How to optimization Apache

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How to optimization Apache

Postby hrdedicated » Sat Jun 01, 2013 12:22 pm

Apache optimization


Apache 2.x is a general-purpose webserver, designed to provide a balance of flexibility, portability, and performance. Although it has not been designed specifically to set benchmark records, Apache 2.x is capable of high performance in many real-world situations.
Compared to Apache 1.3, release 2.x contains many additional optimizations to increase throughput and scalability. Most of these improvements are enabled by default. However, there are compile-time and run-time configuration choices that can significantly affect performance. This document describes the options that a server administrator can configure to tune the performance of an Apache 2.x installation. Some of these configuration options enable the httpd to better take advantage of the capabilities of the hardware and OS, while others allow the administrator to trade functionality for speed
Apache is typically structured as a pool of workers that handle HTTP
Requests enter the TCP Accept Queue where they wait for a worker. A worker
processes a single request to completion before accepting a new request.
Below given are the apache directives that can be tweaked to achive better
You can find all these options in httpd.conf file on the server. Take a backup of httpd.conf, before making any changes in it.


1. Login to server via ssh as root user.
2. Then, vi /usr/local/apache/conf/httpd.conf and search for following.


The number of worker processes is limited by the parameter MaxClients.
MaxClients = Total RAM dedicated to the web server / Max child process size.
The default value of MaxClients is 150.
If we have a server with 1 GB of ram and child process take an average size
of 20 mb.
We can set the MaxClients as 1024/20 = 52
The StartServers directive sets the number of child server processes created
on startup. As the number of processes is dynamically controlled depending on
the load, there is usually little reason to adjust this parameter.
The default value is 5, which is enough for most of the situations. We can
try lowering this value in extreme cases.
The MinSpareServers directive sets the desired minimum number of idle child
server processes. An idle process is one which is not handling a request. If
there are fewer than MinSpareServers idle, then the parent process creates
new children at a maximum rate of 1 per second.
Tuning of this parameter should only be necessary on very busy sites. Setting
this parameter to a large number is almost always a bad idea.
The default value is 5. We can try lowering this value inorder to reduce the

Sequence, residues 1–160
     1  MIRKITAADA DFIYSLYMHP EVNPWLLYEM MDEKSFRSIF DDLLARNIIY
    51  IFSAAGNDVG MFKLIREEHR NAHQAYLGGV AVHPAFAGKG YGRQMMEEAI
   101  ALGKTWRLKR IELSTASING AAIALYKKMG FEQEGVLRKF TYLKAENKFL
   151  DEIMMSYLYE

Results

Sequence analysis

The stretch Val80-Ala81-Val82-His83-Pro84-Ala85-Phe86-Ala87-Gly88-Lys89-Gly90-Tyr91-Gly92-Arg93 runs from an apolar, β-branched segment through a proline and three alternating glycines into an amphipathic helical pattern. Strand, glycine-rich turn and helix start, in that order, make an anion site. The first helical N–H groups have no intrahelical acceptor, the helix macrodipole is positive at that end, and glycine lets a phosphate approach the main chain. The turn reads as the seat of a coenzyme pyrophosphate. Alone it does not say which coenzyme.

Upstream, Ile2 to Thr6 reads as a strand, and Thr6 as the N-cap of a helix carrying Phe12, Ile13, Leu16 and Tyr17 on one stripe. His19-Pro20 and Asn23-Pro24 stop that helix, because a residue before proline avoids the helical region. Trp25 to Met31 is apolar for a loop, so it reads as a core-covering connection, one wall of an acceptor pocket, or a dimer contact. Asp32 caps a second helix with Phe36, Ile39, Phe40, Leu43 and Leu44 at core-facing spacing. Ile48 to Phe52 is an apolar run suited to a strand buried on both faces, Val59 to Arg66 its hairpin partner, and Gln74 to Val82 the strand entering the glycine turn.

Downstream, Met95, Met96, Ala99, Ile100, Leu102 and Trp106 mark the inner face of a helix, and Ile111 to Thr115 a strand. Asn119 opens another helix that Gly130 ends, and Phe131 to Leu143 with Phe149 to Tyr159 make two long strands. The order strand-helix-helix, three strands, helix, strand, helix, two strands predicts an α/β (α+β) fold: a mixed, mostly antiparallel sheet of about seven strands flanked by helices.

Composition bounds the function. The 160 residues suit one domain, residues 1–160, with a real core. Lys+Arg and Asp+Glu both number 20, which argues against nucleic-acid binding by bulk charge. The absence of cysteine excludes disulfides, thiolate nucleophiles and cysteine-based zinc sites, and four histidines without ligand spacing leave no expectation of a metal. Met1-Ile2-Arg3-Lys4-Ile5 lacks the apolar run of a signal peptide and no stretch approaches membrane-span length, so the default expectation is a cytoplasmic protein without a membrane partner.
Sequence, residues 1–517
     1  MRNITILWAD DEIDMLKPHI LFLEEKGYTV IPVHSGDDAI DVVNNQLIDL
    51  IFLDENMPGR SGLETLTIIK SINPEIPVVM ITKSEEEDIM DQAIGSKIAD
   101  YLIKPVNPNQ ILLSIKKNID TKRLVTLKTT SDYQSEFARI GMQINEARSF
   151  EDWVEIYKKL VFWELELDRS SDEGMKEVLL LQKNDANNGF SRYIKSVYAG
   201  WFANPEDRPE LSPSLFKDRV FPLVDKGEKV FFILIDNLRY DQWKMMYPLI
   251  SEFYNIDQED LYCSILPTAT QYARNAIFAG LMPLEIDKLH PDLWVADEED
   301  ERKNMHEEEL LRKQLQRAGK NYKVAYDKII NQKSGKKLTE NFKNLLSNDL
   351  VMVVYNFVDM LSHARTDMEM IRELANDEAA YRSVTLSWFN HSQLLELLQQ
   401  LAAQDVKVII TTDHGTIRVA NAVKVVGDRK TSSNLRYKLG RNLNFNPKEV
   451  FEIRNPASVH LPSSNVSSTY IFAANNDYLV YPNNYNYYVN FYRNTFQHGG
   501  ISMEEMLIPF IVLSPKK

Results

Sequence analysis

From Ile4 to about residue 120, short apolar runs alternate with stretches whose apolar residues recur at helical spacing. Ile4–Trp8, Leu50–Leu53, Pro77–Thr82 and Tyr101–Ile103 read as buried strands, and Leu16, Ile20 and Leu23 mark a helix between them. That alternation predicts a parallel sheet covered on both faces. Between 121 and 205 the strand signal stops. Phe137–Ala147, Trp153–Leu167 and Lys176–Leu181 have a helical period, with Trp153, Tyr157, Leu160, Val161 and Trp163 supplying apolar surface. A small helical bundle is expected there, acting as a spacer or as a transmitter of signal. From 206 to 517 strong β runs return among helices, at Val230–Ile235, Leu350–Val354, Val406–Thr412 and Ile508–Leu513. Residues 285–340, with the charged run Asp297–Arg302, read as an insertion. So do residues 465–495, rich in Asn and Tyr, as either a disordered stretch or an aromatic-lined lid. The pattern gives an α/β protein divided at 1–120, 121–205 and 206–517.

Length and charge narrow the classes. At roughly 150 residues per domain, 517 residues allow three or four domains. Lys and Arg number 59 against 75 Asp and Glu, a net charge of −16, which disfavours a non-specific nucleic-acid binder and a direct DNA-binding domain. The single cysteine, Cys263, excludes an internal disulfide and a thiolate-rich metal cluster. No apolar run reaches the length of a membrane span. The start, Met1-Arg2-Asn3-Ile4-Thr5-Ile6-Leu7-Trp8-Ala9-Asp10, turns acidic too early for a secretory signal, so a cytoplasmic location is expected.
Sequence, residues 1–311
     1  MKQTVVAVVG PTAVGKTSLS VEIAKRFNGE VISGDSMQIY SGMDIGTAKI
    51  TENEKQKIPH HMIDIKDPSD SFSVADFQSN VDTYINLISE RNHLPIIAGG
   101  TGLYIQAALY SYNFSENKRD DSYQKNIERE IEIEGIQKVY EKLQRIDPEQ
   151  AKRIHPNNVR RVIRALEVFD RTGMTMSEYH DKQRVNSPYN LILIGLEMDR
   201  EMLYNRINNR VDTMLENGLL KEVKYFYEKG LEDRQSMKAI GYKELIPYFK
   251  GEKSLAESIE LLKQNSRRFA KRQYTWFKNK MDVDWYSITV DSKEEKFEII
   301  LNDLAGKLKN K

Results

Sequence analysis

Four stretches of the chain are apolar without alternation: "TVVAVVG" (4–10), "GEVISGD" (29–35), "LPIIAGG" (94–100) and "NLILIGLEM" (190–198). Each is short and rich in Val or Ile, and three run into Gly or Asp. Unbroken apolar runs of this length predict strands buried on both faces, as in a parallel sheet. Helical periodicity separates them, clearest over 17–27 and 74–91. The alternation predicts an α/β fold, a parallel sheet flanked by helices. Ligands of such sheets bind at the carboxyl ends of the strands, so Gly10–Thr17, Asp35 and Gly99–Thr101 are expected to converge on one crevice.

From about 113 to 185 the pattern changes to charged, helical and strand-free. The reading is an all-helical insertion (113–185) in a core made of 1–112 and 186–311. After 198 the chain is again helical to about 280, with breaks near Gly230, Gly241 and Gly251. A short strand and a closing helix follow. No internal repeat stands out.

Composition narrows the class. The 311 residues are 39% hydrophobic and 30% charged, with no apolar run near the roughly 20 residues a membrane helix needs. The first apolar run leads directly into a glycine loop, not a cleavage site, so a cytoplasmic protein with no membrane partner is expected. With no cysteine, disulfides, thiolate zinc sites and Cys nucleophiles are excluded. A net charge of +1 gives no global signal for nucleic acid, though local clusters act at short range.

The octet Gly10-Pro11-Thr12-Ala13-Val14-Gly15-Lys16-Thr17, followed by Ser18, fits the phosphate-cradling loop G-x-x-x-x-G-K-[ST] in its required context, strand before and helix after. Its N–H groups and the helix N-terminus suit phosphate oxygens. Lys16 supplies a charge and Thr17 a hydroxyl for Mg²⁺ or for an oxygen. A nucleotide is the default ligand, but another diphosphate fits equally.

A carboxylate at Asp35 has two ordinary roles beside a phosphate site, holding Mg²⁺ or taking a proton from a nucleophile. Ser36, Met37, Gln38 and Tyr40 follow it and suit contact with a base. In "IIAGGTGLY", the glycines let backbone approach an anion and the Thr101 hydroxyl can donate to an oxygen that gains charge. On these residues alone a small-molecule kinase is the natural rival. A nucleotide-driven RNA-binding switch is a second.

The MaxSpareServers directive sets the desired maximum number of idle child
server processes. An idle process is one which is not handling a request. If
there are more than MaxSpareServers idle, then the parent process will kill
off the excess processes.
Tuning of this parameter should only be necessary on very busy sites. Setting
this parameter to a large number is almost always a bad idea. If you are
trying to set the value lower than MinSpareServers, Apache will automatically
adjust it to MinSpareServers + 1.
The default value is 10.
The MaxRequestsPerChild directive sets the limit on the number of requests
that an individual child server process will handle. After
MaxRequestsPerChild requests, the child process will die. If
MaxRequestsPerChild is 0, then the process will never expire.
The default option is set as 0, that is the process will never expire.
Usually setting this value as 250-500 is preferable.
The Keep-Alive extension allow multiple requests to be sent over the same TCP
connection. In some cases this has been shown to result in an almost 50%
speedup in latency times for HTML documents with many images. To enable
Keep-Alive connections, set KeepAlive On.
The dynamic content such as CGI output, SSI pages, and server-generated
directory listings will generally not use Keep-Alive connections .
If we are getting too many connection timedd out error it is better to turn
this option off.
The number of seconds Apache will wait for a subsequent request before closing
the connection. Once a request has been received, the timeout value specified
by the Timeout directive applies.
Setting KeepAliveTimeout to a high value may cause performance problems in
heavily loaded servers. The higher the timeout, the more server processes
will be kept occupied waiting on connections with idle clients.
Determines whether Apache does a reverse DNS lookup on
client addresses so it can write hostnames in the logfile.
A lot of people turn this on so they can have country reports
etc in their traffic reports.
The default is Off in order to save the network traffic for those sites that
don’t truly need the reverse lookups done. It is also better for the end
users because they don’t have to suffer the extra latency that a lookup
Heavily loaded sites should leave this directive Off, since DNS lookups can
take considerable amounts of time. The utility logresolve, compiled by
default to the bin subdirectory of your installation directory, can be used
to look up host names from logged IP addresses offline.

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